mishmash
1 year 3 weeks ago

Amateurs

Although your points are valid, I think you are a little idealistic. You can put a 12 year old on the lunge line and most will learn very quickly. Heck, you can put a 20 something on the lunge line, and they will improve rapidly. But a 40-50-60 year old...not so much. And many of those older riders are either returning to riding after years/decades off, or learning for the first time. Being placed on the line until they develop their seats will, in most cases, result in their giving up, or moving on to the trainer down the road who isn't so demanding. I think most of the older adult amateurs you teach, and who can afford to clinic with you get regular instruction. I would also bet it is pretty decent instruction, as the backyard trainers aren't probably the ones bringing you in for clinics. And I also bet that the things you are telling these older riders re contact, position, etc are the same things their instructors have been telling them, as you put it, for years. Hearing it, knowing it, believing it, does not always translate to DOING it. There are old injuries, arthritic issues, and sometimes most important of all-FEAR-that can keep the older AA from accomplishing what they so desperately want to. Some people will move along like a rabid snail because that is what their minds/bodies are capable of. Many believe USDF needs to be more aggresive in making sure instructors are certified. If this is the case, they need to become better at screening for teaching skills, as the certified instructors in our area aren't very good at teaching. Riding yes, teaching no. The two better trainers/instructors (both of whom have cliniced with you) are not certified. I have also ridden with you, in a clinic setting, and enjoyed my lesson. We did work on basic things re position, better connection, and better gaits. I am still working on my position (and yes, I have done and am currently doing lunge lessons), better gaits, and better connection. I think we all should. But I am realistic to know I will never sit the trot as well as a good pro, or be as quick to figure things out, or as good with my timing. The reflexes just aren't there anymore. But I will keep plugging along, slightly faster than a rabid snail..maybe a non-rabid one??...and will someday, hopefully, get to wear that shadbelly.
michelle
1 year 3 weeks ago

Catherine didn't you teach

Catherine didn't you teach Sandy a 40 year old that had not ridden before and within a few years was I1 champion at regionals?
Stephie
1 year 3 weeks ago

I saw Catherine Haddad at a

I saw Catherine Haddad at a clinic this past week in Michigan and understand why she was writing this article, but still, somewhat of an elitist attitude… .... While I am sure that all international level clinicians would rather work with talented, upper level riders when they travel to town, the local hosts can't always fill up every slot with talented upper level riders... The host is filling up the riding slots with as many appropriate riders as they can in respect to the clinician. ..the local riding community, the 'real world,' is not full of FEI riders who ride full time,with fancy horses ready to work on two tempis, who can take days off from work to attend these clinics or have the finances to do so. So, whomever is available to attend the clinic will. It does not mean that the local trainers can't teach their students or don't aspire to assist them to ride at the best of their ability at that point in their training...it means that these particular riders are the ones available and able to spend the time and money. Either accept the clinic, whatever the riders skill level or don't (or only work with FEI riders, or have certain requirements for riders to take a lesson from you).......I saw Steffens Peters last year at a clinic and one of his riders was a 9 year old girl on her first pony. Maybe she was a last minute stand in for someone else, because I agree that it wasn't the best use of his talent, but no matter that, she paid the high dollar to be there and Steffen was wonderful with her and didn't have a crass attitude towards her.......While I agree with Catherine that we should ‘train the trainers,’ as this will help us all, she is also a trainer of the highest quality, and she should understand that we are all eager to learn, no matter what our skill level is... We are paying her incredible amounts of money to share her experience and wisdom....treat all of us with the same respect we are giving her.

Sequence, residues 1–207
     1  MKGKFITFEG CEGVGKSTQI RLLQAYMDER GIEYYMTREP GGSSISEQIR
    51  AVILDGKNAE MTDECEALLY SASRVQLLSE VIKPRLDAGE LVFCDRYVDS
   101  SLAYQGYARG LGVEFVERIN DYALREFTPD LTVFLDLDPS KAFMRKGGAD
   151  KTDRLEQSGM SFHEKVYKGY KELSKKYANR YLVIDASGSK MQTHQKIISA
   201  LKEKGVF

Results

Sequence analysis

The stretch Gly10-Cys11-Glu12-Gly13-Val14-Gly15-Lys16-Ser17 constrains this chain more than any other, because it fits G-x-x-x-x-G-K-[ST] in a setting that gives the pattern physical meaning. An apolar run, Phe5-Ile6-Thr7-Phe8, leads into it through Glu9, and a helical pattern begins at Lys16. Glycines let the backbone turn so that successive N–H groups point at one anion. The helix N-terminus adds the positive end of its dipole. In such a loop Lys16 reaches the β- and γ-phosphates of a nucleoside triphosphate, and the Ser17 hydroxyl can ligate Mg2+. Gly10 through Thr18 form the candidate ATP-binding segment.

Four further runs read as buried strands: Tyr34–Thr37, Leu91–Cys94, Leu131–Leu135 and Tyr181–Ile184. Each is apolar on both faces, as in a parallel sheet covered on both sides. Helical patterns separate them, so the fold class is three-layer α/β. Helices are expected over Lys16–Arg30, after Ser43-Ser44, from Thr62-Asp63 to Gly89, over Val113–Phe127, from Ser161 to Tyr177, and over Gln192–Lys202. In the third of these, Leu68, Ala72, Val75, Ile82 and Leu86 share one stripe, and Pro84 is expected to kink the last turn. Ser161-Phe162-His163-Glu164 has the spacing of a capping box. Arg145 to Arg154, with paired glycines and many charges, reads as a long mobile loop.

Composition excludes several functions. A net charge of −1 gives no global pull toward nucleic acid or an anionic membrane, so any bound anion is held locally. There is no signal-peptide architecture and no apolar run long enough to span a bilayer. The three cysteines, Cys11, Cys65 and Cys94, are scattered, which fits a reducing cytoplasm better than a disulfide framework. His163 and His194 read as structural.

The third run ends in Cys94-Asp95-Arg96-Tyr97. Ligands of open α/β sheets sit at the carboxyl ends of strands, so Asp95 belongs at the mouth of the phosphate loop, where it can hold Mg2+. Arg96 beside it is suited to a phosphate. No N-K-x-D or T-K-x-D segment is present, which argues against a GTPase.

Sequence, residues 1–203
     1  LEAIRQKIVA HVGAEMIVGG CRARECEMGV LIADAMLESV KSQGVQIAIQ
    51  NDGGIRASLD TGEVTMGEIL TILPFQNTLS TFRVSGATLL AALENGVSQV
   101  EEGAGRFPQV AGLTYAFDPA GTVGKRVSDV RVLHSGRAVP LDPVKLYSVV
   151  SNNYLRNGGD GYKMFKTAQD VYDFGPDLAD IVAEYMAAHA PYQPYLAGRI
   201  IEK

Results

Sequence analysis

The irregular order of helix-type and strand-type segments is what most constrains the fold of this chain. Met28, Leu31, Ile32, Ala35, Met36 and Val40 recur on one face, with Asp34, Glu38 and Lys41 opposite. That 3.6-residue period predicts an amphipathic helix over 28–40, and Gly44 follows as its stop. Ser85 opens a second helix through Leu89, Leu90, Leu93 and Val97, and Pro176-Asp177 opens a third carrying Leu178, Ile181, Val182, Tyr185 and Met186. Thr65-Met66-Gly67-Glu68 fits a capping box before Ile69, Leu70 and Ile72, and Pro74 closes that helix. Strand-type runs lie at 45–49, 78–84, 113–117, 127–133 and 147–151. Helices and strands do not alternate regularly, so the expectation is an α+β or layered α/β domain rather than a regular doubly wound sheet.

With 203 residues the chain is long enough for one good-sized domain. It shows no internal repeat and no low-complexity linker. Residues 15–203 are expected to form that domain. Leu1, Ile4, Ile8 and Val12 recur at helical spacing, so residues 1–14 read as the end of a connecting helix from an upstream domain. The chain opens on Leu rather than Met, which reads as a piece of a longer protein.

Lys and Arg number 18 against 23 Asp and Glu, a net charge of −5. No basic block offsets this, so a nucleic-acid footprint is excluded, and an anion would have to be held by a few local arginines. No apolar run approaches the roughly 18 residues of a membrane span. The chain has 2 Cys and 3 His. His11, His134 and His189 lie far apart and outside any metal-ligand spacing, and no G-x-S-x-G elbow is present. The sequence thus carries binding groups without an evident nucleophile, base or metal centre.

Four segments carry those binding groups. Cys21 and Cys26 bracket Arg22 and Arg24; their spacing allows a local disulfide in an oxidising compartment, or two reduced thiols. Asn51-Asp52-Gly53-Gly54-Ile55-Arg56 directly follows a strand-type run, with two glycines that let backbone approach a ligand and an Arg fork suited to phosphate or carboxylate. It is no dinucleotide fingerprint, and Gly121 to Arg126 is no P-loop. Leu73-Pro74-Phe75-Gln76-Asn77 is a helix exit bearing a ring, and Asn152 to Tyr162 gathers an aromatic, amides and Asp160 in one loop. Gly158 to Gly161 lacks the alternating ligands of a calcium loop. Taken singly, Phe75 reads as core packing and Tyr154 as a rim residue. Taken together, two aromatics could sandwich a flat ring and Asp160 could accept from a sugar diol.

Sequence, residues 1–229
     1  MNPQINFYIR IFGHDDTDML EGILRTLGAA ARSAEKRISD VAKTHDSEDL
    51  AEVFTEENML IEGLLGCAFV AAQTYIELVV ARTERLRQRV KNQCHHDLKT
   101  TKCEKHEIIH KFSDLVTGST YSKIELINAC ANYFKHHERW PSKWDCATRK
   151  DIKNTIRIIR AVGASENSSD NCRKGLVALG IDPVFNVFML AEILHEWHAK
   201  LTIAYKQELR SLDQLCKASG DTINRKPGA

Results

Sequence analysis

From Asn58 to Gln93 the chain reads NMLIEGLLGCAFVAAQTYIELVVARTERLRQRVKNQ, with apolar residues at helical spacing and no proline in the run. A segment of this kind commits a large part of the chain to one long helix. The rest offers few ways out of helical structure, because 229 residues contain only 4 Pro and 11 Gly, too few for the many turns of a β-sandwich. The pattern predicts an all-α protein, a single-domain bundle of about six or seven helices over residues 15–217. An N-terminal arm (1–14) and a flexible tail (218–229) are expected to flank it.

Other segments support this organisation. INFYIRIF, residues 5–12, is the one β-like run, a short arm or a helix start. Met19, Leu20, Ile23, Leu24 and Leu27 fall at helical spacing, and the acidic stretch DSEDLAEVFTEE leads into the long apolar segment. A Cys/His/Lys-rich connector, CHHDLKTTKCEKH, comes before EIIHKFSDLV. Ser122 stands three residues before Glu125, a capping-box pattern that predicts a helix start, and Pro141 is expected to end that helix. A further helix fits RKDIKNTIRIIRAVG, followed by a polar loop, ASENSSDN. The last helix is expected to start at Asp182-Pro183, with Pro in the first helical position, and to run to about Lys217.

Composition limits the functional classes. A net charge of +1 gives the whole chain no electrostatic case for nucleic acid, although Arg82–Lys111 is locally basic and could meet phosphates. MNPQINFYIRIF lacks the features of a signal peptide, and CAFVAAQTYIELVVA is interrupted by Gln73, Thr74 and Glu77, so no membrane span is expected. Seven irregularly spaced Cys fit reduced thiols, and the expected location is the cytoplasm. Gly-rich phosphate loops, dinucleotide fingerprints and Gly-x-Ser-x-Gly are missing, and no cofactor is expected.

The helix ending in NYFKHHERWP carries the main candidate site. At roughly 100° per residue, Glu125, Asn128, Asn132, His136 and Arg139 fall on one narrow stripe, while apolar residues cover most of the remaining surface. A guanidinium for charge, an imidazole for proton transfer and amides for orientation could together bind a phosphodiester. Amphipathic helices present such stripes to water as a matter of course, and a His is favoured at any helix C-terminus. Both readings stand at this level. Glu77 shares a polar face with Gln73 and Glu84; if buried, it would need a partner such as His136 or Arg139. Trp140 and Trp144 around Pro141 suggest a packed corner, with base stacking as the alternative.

Catherine Haddad
1 year 3 weeks ago

Stephanie, Was I

Stephanie, Was I disrespectful to the people I taught in the clinic last week? I try to give 100% to every rider who comes in front of me, no matter what level they are riding. Please don't imply otherwise. I never blame the rider for their current state. I always try to make it better if it is within my ability. I actually wrote this blog well before I got to MIchigan last week. That clinic was generally speaking... advanced. Do you have a better understanding of my frustration now? Catherine